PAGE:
Later, the diver emerges from the water. Looking around for her friend, she suddenly sees her hand grasp the side of the raft. She tries to pull her up into the boat, but something is holding onto her. Then, the upper torso of the girl flings into the raft!

The riffs on JAWS are pretty blatant at times. One such occasion is as an afternoon lakeside concert of Japanese country music(!) being interrupted by two men utilizing a fake set of fins to impersonate an attack by the giant creature. Another is the discovery of a severed head underwater that floats into view while Ashizawa and Akiko explore the depths of the lake. The score is another bizarre addition to this production. The cue heard at the beginning contains an otherworldly quality, but this is soon replaced by some strange choices of upbeat jazz style arrangements.

The attack scenes with the Rhamphoryncus (when it finally shows up at the 73 minute mark) are shoddily done and the big battle between it and the Plesiosaurus is anything but an earth shattering struggle. Still, the wire enhanced tussle between these two special effects marvels causes the long dormant Mt. Fuji to erupt for no other reason than to bring this abysmal Japanese JAWS clone to a close.

While some bad movie lovers will be able to tolerate the oppressively inferior material presented here, most others will simply want to pass this one by. This Nippon imitation of one of America's biggest blockbusters had lots of potential. The sparse decent sequences and frequent gore can't save it. A wacky and bizarre melding of horror and kaiju monsters, proceed at your own risk.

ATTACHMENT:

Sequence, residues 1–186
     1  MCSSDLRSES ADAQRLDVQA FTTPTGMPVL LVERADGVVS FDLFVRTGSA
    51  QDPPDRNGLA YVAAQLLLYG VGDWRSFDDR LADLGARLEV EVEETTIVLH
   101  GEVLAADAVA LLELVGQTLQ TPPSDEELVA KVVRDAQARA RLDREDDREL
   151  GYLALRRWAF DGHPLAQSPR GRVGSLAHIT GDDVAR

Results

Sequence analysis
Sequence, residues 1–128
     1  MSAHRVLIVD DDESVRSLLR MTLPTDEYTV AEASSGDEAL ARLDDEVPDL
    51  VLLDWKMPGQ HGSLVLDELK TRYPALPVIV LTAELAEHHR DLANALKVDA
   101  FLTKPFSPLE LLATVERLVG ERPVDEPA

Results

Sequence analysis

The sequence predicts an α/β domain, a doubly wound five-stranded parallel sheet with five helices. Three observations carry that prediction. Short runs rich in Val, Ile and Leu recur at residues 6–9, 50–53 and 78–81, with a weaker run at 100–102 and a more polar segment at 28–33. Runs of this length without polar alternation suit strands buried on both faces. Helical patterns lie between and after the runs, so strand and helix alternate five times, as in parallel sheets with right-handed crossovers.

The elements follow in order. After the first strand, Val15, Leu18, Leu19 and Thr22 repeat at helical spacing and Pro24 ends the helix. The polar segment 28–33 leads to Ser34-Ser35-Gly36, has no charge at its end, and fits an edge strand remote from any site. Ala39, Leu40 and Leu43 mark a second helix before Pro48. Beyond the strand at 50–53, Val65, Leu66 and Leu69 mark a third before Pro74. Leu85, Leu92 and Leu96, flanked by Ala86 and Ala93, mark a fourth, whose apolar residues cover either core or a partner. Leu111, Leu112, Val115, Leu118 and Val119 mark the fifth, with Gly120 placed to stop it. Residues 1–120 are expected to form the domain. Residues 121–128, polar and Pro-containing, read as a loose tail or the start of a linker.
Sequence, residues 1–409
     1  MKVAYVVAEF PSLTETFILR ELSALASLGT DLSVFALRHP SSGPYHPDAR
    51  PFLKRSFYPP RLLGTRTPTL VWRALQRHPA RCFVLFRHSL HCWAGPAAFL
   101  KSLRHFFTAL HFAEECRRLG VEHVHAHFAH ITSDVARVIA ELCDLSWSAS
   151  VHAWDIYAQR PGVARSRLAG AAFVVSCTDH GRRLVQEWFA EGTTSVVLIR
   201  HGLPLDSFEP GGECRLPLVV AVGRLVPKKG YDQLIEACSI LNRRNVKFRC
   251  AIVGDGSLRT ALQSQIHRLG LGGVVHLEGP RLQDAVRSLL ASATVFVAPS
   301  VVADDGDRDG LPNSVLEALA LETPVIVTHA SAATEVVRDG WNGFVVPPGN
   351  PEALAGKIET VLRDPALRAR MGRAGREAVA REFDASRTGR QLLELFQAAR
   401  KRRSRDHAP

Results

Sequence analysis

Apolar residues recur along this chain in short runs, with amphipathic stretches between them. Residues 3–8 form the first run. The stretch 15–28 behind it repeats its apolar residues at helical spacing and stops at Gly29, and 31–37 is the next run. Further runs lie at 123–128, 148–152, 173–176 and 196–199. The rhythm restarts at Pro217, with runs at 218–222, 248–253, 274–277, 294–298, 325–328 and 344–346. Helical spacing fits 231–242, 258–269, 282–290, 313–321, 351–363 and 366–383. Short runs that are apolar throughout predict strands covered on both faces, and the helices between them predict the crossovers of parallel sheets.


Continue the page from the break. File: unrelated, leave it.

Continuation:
Carl (ILHM) said...

I dont know why but I have seen this damn DVD recommended to me on all of my wishlists, couldnt have anything to do with all of the Kaiju films i have been buying lately..? Somehow, I want to see the film badly after reading the review, maybe more for the pictures than anything else. The creatures look convincing in the shots you posted? Sounds like a real loser though

venoms5 said...

Well if it only costs you a buck to rent it, then no loss, Carl. My friend had the Toei DVD translated and he subbed it. Then Media Blasters released it a year or so ago, which I didn't bother getting. At least my friends custom disc utilizes the Toei original poster artwork.

It's truly an awful movie, though. The monsters are laughable even for 1977 and look slightly worse than the average monster in a Japanese superhero show. Hard to believe this was touted as Toei's biggest budgeted movie at the time. If there were ever a subbed commentary track I would be all over it. I would love to know just what in the hell they were thinking with this one.